Cherry-picked credentials

Does Eddie Howe have the tactical know-how to succeed where others have failed ?

The hunt is on for the next England manager and Gareth Southgate has emerged as the front-runner with the bookmakers.

Euro 2016 has been a frustrating time for any daily fantasy football manager who decided to stack his line-ups with English players, mainly due to the incompetence of the now-departed Roy Hodgson. Players were played out of position, in a formation that clearly didn’t work and none of them were able to replicate the sort of fantasy scores we are so used to seeing them produce.

With names like Harry Redknapp, Sam Allardyce and Glen Hoddle being quoted at ridiculously low odds it’s obvious that their is a lack of genuine contenders for one of the most coveted jobs in football.

Fortunately, one candidate has emerged who might be able to provide England with some much-needed freshness – Eddie Howe. The Bournemouth boss, currently quoted around the 10/1 mark, has the best win percentage of all the leading contenders, as illustrated in the Oulala infographic below.

Fantasy Football Portal - England Manager - Eddie Howe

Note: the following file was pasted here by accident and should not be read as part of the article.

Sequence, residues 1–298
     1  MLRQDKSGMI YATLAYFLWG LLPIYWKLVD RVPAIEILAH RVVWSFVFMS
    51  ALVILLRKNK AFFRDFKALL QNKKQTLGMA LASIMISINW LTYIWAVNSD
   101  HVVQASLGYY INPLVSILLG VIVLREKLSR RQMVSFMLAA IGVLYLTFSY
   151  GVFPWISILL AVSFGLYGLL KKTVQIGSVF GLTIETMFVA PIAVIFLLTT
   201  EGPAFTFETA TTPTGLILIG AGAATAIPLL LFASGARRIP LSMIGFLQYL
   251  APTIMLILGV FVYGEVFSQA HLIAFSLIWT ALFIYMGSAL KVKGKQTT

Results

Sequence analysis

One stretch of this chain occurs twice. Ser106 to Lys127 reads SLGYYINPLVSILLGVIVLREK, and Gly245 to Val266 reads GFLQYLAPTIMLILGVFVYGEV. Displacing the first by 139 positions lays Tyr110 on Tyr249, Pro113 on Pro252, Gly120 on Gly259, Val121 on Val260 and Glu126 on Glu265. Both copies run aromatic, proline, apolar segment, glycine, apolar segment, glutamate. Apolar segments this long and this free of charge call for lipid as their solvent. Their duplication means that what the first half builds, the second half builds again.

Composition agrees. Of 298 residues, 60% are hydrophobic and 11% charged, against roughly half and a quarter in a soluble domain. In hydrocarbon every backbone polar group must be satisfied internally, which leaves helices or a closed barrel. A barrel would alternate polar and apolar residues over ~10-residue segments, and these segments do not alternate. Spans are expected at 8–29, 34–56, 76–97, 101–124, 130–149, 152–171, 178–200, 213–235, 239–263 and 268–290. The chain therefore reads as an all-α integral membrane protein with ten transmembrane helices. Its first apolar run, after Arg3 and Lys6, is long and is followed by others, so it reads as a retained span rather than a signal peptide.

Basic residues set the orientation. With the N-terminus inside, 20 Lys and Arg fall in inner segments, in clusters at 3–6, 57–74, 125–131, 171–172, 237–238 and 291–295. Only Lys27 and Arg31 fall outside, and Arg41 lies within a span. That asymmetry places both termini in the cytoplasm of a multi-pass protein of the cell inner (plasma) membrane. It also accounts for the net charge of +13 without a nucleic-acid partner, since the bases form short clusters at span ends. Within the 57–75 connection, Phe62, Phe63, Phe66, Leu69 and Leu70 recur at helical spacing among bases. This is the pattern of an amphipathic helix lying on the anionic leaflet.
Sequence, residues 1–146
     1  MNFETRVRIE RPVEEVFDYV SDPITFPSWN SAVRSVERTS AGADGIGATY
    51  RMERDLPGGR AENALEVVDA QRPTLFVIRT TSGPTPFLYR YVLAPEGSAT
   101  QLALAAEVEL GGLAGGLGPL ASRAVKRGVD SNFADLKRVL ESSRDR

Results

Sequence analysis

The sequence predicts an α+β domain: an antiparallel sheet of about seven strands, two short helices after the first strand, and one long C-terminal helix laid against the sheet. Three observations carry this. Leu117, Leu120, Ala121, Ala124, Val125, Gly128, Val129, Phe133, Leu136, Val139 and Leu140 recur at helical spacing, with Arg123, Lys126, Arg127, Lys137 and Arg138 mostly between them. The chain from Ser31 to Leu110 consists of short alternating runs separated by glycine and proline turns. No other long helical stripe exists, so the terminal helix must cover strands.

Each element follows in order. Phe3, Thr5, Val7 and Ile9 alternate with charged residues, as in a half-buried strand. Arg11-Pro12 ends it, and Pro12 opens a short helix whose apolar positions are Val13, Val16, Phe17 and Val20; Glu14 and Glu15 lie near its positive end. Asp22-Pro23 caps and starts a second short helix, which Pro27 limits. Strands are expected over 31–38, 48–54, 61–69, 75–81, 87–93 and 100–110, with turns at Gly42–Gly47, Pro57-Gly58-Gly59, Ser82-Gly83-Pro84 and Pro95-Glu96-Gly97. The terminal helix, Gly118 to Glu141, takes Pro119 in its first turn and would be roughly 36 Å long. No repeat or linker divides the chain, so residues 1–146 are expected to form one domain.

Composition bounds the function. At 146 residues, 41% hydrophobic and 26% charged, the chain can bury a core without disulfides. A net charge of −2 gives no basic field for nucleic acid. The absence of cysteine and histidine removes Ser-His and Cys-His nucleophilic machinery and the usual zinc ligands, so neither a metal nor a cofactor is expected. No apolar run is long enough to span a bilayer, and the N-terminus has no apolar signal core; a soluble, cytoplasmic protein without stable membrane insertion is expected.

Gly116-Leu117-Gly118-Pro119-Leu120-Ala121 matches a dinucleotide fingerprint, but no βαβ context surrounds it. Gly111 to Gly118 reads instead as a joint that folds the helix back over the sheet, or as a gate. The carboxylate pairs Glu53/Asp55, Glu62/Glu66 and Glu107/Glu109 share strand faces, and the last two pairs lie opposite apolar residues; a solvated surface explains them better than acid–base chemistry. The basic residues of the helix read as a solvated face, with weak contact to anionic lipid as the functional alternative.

It’s unlikely the powers that be at the FA will be prepared to take a chance on the relatively inexperienced Howe but does he have the credentials and tactical knowledge to be a success?

At the start of Euro 2016 we were concerned about what formation Hodgson would go with – fears that materialized. We also suggested that Belgium manager Marc Wilmots would switch between a 4-3-3 and a 4-2-3-1 formation depending on the opposition. He did – to devastating effect. Hodgson, on the other hand, could not see the bigger picture, insisting on playing England’s two biggest creative threats Wayne Rooney and Dele Alli  far too deep and not having the bravery to admit that it wasn’t working. The team lacked genuine width, the players looked lost and their inevitable exit became a reality.

Howe has had one season in the top-flight of English football but his reputation preceded him. Bournemouth may have only finished in 16th place but they surprised many teams, playing some eye-catching football and times and Howe was inventive enough to change his tactics depending on the opposition.

He utilised a 4-4-1-1 on 15 occasions, a 4-1-4-1 13 times and a traditional 4-4-2 in the other 10 fixtures. This is the sort of flexibility a top coach needs.

If Howe is instilled into the England hot-seat, some of their star players might just start replicating the sort of fantasy scores we are used to – week-in, week-out!

Is Eddie Howe the right man to steady the ship and get England back on track?